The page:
Man who crashed U-Haul near White House planned other attacks, prosecutor says
The Washington Post June 10, 2023
The man who crashed a U-Haul truck into a security barrier outside the White House last month wanted to overthrow the government and replace it with a dictatorship “fueled by Nazi ideology,” and he had planned other attacks, a federal prosecutor said in court Friday.
The revelations came during a hearing before Magistrate Judge Moxila A. Upadhyaya, who denied bond for 19-year-old Sai Varshith Kandula, saying he presented a threat to the community.
Kandula is being held on a charge of destruction of government property, after he repeatedly rammed a U-Haul truck into security bollards that protect Lafayette Square north of the White House on May 22, prosecutors allege. Kandula then exited the vehicle and unfurled a red and white flag featuring a Nazi swastika, according to charging documents. Prosecutors also revealed Friday that Kandula asked officers on scene whether the media would cover what happened.
“He intended to overthrow the government and replace it with an authoritarian regime fueled by Nazi ideology,” said Special Assistant U.S. Attorney Alexander Schneider.
The other attacks Kandula allegedly planned to carry out were discussed during a closed hearing, so their nature and scope were unclear. But Upadhyaya said afterward she was disturbed by what she heard from prosecutors.
Schneider said he would seek a terrorism enhancement during sentencing if Kandula is ultimately convicted of the charge he is facing, which carries a maximum sentence of 10 years in prison.
Assistant Federal Public Defender Diane Shrewsbury argued Kandula, a Chesterfield, Mo., resident should be granted bond, and the incident outside the White House was an “aberration” for him. Shrewsbury also disputed that the alleged planning for other attacks was “forward looking.”
“Mr. Kandula is a very young man, a recent high school graduate with no criminal record,” Shrewsbury said. “He’s lived a very normal life.”
Shrewsbury said she is still trying to determine why Kandula took the actions he did and questioned how dangerous he really is, saying his threats were “very far-fetched.” Kandula’s father, who attended the hearing, declined to comment.
In prosecutors’ motion opposing bond, they wrote Kandula planned to give a speech after overthrowing the government that announced a new authoritarian regime and the death penalty for anyone carrying out “civil unrest.” The text of the speech ends with a misspelled version of the Nazi salute, “Sieg Heil.”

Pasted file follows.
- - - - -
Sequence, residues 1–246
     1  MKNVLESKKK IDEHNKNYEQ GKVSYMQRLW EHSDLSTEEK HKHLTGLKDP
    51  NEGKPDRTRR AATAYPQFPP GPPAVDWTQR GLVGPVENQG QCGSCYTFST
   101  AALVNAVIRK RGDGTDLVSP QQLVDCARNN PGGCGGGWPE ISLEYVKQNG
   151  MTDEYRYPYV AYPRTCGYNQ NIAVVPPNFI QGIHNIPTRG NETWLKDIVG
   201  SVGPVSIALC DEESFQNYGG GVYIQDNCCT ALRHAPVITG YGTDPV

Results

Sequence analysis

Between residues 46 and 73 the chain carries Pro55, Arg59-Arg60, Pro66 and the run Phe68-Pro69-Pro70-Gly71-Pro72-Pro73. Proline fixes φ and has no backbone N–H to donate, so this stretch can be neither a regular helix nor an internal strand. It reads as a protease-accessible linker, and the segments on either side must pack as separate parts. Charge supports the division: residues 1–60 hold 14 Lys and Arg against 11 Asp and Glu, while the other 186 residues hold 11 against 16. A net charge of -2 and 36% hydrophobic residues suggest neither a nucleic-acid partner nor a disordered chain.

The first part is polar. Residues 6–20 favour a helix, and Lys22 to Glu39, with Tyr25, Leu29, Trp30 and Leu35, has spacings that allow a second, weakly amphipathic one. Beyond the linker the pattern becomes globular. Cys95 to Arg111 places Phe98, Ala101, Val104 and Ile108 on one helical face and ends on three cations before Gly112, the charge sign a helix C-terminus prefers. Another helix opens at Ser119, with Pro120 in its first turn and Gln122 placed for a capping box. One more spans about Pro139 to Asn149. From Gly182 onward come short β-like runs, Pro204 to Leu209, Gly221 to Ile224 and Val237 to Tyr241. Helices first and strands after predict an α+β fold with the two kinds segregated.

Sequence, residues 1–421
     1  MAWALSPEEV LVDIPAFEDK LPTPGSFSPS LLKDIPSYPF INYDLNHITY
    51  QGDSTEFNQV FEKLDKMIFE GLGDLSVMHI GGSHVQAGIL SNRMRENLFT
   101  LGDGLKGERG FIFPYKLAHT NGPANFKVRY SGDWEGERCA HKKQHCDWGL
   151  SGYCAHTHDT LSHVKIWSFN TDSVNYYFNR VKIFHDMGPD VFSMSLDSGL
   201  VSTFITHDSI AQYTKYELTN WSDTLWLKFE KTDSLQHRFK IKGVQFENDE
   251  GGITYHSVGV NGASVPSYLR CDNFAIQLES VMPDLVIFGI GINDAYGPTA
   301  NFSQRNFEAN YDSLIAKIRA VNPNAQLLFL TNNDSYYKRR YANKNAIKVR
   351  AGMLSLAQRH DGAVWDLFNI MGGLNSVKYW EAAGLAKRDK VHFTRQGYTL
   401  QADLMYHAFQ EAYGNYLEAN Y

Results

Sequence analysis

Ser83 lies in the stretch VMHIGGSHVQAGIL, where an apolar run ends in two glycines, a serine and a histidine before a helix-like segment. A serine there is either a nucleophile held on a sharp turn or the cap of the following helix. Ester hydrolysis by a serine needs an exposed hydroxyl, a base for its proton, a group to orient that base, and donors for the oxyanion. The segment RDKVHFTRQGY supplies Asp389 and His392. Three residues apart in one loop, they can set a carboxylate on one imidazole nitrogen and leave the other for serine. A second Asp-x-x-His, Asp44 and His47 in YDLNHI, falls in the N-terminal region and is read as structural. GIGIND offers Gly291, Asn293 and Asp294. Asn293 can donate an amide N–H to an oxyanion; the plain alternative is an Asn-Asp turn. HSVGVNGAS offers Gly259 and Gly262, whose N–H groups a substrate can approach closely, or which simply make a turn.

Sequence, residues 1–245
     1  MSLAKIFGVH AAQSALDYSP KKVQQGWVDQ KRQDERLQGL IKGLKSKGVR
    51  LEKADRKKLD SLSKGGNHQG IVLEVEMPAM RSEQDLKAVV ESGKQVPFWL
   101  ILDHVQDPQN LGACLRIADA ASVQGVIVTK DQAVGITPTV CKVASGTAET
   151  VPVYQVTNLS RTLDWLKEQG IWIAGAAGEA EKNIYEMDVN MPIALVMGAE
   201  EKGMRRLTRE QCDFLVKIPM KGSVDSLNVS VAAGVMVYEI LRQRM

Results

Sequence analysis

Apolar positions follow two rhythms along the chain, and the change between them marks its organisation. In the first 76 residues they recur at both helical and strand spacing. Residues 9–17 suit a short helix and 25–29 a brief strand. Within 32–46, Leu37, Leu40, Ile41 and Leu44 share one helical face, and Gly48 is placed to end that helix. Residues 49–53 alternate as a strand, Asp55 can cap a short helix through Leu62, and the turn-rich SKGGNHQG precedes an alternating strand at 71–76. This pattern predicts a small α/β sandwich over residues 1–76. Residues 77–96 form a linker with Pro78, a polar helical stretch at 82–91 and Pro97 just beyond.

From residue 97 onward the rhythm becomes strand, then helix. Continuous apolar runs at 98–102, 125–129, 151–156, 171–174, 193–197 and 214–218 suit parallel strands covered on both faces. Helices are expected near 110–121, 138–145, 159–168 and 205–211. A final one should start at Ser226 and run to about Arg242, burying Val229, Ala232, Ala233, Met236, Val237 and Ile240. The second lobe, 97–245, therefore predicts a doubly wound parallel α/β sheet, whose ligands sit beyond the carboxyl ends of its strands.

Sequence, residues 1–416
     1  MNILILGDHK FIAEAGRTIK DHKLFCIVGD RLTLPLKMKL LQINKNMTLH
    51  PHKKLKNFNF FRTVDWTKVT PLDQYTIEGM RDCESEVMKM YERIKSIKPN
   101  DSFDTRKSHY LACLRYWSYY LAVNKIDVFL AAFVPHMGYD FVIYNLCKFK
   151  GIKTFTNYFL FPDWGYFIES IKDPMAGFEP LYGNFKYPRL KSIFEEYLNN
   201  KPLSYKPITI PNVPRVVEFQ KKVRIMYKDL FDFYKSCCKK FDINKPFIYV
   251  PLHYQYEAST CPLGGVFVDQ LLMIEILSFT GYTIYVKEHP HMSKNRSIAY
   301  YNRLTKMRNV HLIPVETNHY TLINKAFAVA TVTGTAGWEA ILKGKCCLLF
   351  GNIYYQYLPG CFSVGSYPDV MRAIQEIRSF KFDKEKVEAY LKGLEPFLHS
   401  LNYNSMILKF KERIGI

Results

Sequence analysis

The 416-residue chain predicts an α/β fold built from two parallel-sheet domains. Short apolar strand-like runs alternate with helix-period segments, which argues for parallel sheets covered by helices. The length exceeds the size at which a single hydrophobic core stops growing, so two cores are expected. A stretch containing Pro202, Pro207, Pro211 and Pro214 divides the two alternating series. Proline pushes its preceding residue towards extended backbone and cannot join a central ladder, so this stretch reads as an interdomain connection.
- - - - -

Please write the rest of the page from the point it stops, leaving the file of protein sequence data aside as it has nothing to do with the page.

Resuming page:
The attack began shortly after 9:30 p.m. on May 22, when a United States Park Police Officer saw Kandula drive a U-Haul onto a sidewalk at the H Street NW walking entrance to Lafayette Square, according to court filings.
Photos in court filings show the truck came close to hitting a pair of pedestrians on the sidewalk. The U-Haul truck then struck the metal bollard barriers that keep vehicles from entering Lafayette Square, according to court filings. The U-Haul then reversed and struck the bollards a second time.
The second impact disabled the U-Haul truck, which started to smoke and leak fluids, according to court filings. Kandula got out of the U-Haul truck and pulled out the Swastika adorned flag, before Park Police officers detained him.
A search of Kandula and the truck did not turn up any explosives, weapons or ammunition, according to court filings.
Kandula told investigators he flew to D.C. from St. Louis on a one-way ticket, arriving 1 ½ hours before the incident, according to court filings. He rented the U-Haul truck near Washington Dulles International Airport and drove directly to the White House.
Kandula told investigators his plan was to “get to the White House, seize power and be put in charge of the nation.” He told them he would “kill the president if that’s what I have to do and would hurt anyone that would stand in my way.”
Kandula told investigators he purchased the Nazi flag online because the “Nazi’s have a great history.” Kandula told them he looked up to Adolf Hitler and called him a “strong leader” and said he admired the Nazis’ authoritarian nature and support of eugenics.
Kandula also had a green book that detailed plans to harm family members and others, and contained the speech he was planning to give, according to court records. He said he had been working on his plan for six months.
Kandula’s attorney wrote in a motion for bond that Kandula was a lawful permanent resident of the United States, contrary to what a prosecutor said in court at a previous hearing. The attorney wrote Kandula emigrated from India as a small child, left and then returned when he was 11.
Kandula recently graduated from Marquette High School in the St. Louis suburbs and had taken some classes at Marysville University, according to the bond motion. He has lived with his parents and brother for his entire life.
Kandula only spoke at Friday’s hearing to answer the judge’s questions. He showed little emotion, as he sat at the defense table in an orange jail jumpsuit. Shrewsbury said Kandula had been hospitalized on Monday for dehydration and malnutrition, but was feeling better.
Kandula’s preliminary hearing was set for July 13.